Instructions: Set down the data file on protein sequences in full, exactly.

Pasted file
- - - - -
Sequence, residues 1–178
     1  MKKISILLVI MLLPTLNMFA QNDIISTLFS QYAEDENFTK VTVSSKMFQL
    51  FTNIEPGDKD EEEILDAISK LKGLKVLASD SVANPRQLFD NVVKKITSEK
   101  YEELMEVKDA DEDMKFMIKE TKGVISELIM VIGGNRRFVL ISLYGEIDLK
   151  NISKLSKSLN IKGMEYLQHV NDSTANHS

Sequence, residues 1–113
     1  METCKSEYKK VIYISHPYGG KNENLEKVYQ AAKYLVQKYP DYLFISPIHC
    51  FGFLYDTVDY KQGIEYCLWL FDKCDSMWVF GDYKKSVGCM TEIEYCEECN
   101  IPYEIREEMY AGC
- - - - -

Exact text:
Sequence, residues 1–178
     1  MKKISILLVI MLLPTLNMFA QNDIISTLFS QYAEDENFTK VTVSSKMFQL
    51  FTNIEPGDKD EEEILDAISK LKGLKVLASD SVANPRQLFD NVVKKITSEK
   101  YEELMEVKDA DEDMKFMIKE TKGVISELIM VIGGNRRFVL ISLYGEIDLK
   151  NISKLSKSLN IKGMEYLQHV NDSTANHS

Sequence, residues 1–113
     1  METCKSEYKK VIYISHPYGG KNENLEKVYQ AAKYLVQKYP DYLFISPIHC
    51  FGFLYDTVDY KQGIEYCLWL FDKCDSMWVF GDYKKSVGCM TEIEYCEECN
   101  IPYEIREEMY AGC